Ice; the next, he’s got this whole steroid-rock thing going.
He writes a rap song about being a “Cowboy,” then he makes
an album that’s more than 50 percent country. Legend has it
that Rock spent some time hanging around in Troy’s antique
district on Sunday afternoon. They say he dropped some $6,000
in one store, buying up the entire collection of paintings
by one local artist and handing out free tickets to his show
that night at the Pepsi Arena.
This Kid Rock’s a walking paradox—heck, he’s in his 30s or
something, so he ain’t even really a kid. Part working-class
hero, part supermodel-banging superstar, Rock deserves credit
for achieving a crossover that was once unimaginable: He holds
the fringe of the modern country audience in one hand, and
the nü-metal hangers-on by the scruff with the other. He also
gets points for somehow making all these elements coalesce
onstage. Sunday night’s show was a true spectacle, an absolute
blast—and that’s not just referring to the pyrotechnics, although
there were plenty of those.
Rock knows what buttons to push, and he pushed them time and
time again. His nine-piece Twisted Brown Trucker Band teased
the audience with the opening strains of breakthrough single
“Bawitdaba” several times through the night before actually
playing it in its entirety to close the show. They got things
started revue-style, as DJ Paradime introduced the band members,
giving each one their own moment in the spotlight before Rock
emerged to showers of sparks, explosions, strobe lights and
towers of fire that made the temperature inside the arena
shoot up by about 10 degrees. It sure as hell wasn’t subtle,
but then his is a game of broad gestures, is it not?
Over-the-top in all the right ways, Rock’s performance was
heavy on the hits—both his and his heroes’. “You Never Met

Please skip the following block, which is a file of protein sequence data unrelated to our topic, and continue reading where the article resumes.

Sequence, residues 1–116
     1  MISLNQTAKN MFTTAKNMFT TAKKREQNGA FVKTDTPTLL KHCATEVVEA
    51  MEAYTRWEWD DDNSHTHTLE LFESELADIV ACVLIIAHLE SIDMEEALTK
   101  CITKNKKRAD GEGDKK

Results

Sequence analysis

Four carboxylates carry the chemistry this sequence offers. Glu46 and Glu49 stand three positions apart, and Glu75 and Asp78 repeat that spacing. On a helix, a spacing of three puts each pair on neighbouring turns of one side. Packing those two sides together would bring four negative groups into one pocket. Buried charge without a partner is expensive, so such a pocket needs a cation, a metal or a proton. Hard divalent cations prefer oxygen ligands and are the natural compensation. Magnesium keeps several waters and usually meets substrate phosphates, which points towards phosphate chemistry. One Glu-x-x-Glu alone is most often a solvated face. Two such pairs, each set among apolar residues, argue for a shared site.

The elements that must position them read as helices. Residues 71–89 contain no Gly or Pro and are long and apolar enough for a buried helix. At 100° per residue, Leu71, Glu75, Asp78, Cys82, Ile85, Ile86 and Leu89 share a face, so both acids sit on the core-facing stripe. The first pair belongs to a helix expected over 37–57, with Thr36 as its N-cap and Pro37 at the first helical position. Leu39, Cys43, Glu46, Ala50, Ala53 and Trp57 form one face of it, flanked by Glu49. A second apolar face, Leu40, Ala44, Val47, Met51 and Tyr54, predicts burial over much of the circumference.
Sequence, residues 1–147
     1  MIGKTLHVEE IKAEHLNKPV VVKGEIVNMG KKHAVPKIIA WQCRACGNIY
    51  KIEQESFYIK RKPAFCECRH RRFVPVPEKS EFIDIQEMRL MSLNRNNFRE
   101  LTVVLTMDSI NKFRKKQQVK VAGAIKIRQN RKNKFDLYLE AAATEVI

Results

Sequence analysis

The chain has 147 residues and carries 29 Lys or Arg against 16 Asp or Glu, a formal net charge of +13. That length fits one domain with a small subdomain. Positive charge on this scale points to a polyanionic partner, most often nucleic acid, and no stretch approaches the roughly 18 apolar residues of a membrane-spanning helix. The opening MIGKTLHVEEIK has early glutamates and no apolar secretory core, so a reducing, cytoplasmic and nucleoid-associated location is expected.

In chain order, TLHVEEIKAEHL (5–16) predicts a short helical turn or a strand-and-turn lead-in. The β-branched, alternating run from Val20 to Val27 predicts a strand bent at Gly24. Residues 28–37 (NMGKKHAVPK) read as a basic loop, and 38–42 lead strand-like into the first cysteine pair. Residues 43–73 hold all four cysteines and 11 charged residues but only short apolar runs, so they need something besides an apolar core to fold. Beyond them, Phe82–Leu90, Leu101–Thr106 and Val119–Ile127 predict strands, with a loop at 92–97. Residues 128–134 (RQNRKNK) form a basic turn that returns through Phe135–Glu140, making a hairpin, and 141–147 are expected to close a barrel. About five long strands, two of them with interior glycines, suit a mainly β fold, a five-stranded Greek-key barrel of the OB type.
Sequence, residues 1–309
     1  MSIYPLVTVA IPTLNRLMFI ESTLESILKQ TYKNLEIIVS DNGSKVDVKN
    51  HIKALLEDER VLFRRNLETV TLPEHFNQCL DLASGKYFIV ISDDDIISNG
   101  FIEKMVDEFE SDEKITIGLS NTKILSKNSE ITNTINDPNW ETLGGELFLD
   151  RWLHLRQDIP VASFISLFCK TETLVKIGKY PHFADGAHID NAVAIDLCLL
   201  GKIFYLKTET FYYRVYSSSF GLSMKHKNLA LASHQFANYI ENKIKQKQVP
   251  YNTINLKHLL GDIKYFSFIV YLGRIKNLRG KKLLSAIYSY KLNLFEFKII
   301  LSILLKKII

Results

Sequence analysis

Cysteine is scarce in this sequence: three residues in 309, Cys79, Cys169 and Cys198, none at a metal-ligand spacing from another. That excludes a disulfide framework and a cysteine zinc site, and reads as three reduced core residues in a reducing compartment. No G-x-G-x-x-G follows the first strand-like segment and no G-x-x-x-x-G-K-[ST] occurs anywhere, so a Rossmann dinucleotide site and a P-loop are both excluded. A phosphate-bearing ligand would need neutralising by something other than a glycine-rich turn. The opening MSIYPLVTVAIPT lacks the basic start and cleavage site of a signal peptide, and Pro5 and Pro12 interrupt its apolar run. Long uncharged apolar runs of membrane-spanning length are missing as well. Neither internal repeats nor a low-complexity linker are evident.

a Motherfucker Quite Like Me” segued into—no joke—“Free Bird,”
as a Confederate flag dropped down behind the band. “Cowboy”
was introduced via a snippet of the Allmans’ “Midnight Rider”
and included a verse from Waylon Jennings’ Dukes of Hazzard
theme song; “Devil Without a Cause” was married to the riff
from “Back in Black.” It was a bit confusing, a live mashup
of sorts, but to look at the 5,500-or-so smiling faces in
the audience, it was right on target.
Speaking of targets, the band hit on nearly all of the singles,
including the lumbering “Jackson, Mississippi,” last year’s
“Picture” (drummer Stefanie Eulinberg played the role of Sheryl
Crow), and the giant hit ballad “Only God Knows Why.” On that
one, Rock sat at an all-white baby grand and revealed a steady
croon that made that vocoder effect from the recording seem
even goofier. Oh yeah, then a bunch of half-naked girls walked
out and began dancing in cages. You really never know what
to expect with this guy. One minute he’s talking about starting
“an escort service for all the right reasons,” the next, he’s
strumming an acoustic guitar and discussing his proposed political
platform (which apparently includes Skynyrd, Monday Night
Football, and weed) while bathed in red, white and blue
For every fist-pumping, lighter-raising, salute-the-flag moment,
there was one of total balls-out abandon—for instance, the
Bocephus-esque “Son of Detroit” (a reworking of David Allan
Coe’s “Son of the South”), and an impromptu run-through of
“Cadillac Pussy” (originally a duet with Hank Jr.) that came
complete with a sing-along-encouraging light-up sign behind
the band. On “3 Sheets to the Wind (What’s My Name?),” Rock
took his star turn at almost every instrument onstage.
You see, Kid Rock knows where he comes from, and he knows
what makes his blue-collar constituents tick. He’s no dummy,
despite the outwardly lunkheaded appearance. He likes Johnny
Cash and Grandmaster Flash, he makes Southern rock and mixes
it with hiphop, and he’ll forever be the Kid Rock. And if
he’s somehow elected president, we know his oval office will
Votes Are In . . .
American Idols 3
Arena, Sept. 2